When you lose 3 of 4 games to an opponent, it’s easy to say that a lot went wrong. And in this series, you’d be correct. That isn’t to say there weren’t some glimpses of optimism for the future, and we’ll get to that. But this was not a evenly matched series, and it was obvious from the beginning. We were outscored 20-8 in the series, and our one win was a nail-biting one-run win that almost always seemed like it was about to go the other way.
The starting pitching had been a strength for this team, especially as it was able to pitch against the Marlins, Mets, Phillies, and Washington for much of the season. But the strength of the rotation was in its depth, and not necessarily that we possessed a formidable one-two punch or even one truly dominant starter. Mike Foltynewicz got rocked in game 1, clearly over-matched by his emotions (yes, I said it) and the Dodger lineup. Anibal Sanchez didn’t do much better, given up 3 runs and not getting through the 5th in his start. Sean Newcomb, surprisingly, was helpful out of the pen in game 1 and as the game 3 starter. He was one batter away from pitching 3 scoreless in game 3, but Kevin Gausman allowed his two inherited runners to score. Folty did come back to pitch well in game 4, but Folty, Anibal, Newcomb, and Gausman did not match up well with Hyun-Jin Ryu, Clayton Kershaw, and Rich Hill. So while it seemed like the rotation was a strength in the regular season, it was obvious we’re a long ways away from competing with teams like the Dodgers.
For me, though, the most discouraging development was the offense. Our top 4 hitters in our lineup (I’m including Camargo in this) went 8 for 49 with two home runs and six walks. The rest of the lineup had a similar level of futility. As a team, we hit .154/.218/.211. The bench didn’t produce a hit in 4 games, and two at-bats were given to the great Ryan Flaherty. Nick went 1-12. Camargo was 0-15. Culberson was 2-12, and Acuna was 3-16. The only silver lining is that the Cleveland Indians and Colorado Rockies were somehow worse than us at the plate in their match-ups. Sometimes the bats just go cold against good pitching.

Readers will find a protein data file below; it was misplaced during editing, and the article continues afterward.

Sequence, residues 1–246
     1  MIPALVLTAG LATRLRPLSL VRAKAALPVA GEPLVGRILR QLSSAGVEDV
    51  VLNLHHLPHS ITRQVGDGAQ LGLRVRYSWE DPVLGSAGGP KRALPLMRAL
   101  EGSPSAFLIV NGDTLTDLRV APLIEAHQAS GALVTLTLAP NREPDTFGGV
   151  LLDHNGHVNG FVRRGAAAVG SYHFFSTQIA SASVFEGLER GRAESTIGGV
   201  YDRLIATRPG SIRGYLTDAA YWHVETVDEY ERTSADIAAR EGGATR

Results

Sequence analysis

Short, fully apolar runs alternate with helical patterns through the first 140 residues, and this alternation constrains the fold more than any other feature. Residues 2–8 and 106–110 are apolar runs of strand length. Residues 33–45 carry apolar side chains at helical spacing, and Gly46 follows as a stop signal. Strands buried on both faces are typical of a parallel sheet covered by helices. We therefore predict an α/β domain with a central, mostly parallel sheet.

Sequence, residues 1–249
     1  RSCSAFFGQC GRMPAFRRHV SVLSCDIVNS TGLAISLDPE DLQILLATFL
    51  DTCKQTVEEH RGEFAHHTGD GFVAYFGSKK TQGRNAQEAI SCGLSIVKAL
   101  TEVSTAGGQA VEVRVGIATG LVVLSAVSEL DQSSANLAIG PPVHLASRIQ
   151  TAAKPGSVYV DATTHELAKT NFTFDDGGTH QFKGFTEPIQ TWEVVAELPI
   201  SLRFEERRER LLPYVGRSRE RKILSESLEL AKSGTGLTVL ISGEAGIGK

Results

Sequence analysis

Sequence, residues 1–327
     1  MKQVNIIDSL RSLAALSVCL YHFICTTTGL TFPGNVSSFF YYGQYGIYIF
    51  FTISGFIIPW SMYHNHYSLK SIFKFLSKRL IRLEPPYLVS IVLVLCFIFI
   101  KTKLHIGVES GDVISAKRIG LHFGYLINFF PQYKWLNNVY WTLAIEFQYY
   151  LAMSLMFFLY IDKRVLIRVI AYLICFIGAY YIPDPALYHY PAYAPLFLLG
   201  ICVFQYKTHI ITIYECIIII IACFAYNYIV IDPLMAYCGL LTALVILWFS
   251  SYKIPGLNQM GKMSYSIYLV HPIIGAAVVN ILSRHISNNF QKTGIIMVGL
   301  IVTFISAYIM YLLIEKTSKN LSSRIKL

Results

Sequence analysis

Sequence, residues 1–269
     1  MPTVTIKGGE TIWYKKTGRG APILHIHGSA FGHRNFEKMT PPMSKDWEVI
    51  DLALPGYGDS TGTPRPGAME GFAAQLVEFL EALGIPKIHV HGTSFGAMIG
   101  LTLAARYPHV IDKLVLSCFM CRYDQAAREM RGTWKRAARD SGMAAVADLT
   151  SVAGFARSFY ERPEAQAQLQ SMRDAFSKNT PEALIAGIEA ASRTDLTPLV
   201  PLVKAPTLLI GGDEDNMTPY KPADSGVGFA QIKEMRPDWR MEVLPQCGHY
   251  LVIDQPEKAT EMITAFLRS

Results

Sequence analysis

There were some bright spots with the young pitching. In what should be considered a great move by Snitker, Max Fried appeared in all 4 games. He made one mistake to Max Muncy that was hit into the right-center field bullpen, but overall, he was a weapon out of the pen. Same with Touki Toussaint. Like the rest of the staff, he struggled with his command against the uncanny Dodger plate discipline, but he held them scoreless across three innings. AJ Minter and Arodys Vizcaino also were able to keep them off the board. But Chad Sobotka, Brad Brach, and Jonny Venters didn’t help us stay in some of these games, and they gave up 6 ER in 5.2 IP.
I really have to give it to Snitker and AA for pulling the strings to give the team the best chance against a vastly superior team. The criticism of Bobby Cox was that he managed the playoffs too closely to the regular season. You can’t say that about this regime. Jesse Biddle, Shane Carle, Dan Winkler, and Sam Freeman combined for 245 appearances, and they didn’t make the roster. Instead, Sobotka, Touki, and Fried the roster, even though they had only appeared in 35 games total. There’s the saying, “What got you here will not get you there,” and they set their roster and lineups accordingly. They attempted to ride the hot hands in the pen, and to some extent, that was successful. Opening Day starter for the last 5 years Julio Teheran only appeared in the last game once it was out of hand and the season was largely over. There was minimal patience with Folty and Newk once the issues that plagued them in the regular season appeared. They continually tweaked the 2nd spot in the order with the vain hope that Albies, Inciarte, and Camargo could provide a spark. They ought to get some credit that they knew they were at a disadvantage and did most everything they could to try to sneak three wins.
We weren’t supposed to win, and we didn’t. But 14 guys appeared in the postseason for the first time, and they’ll be back.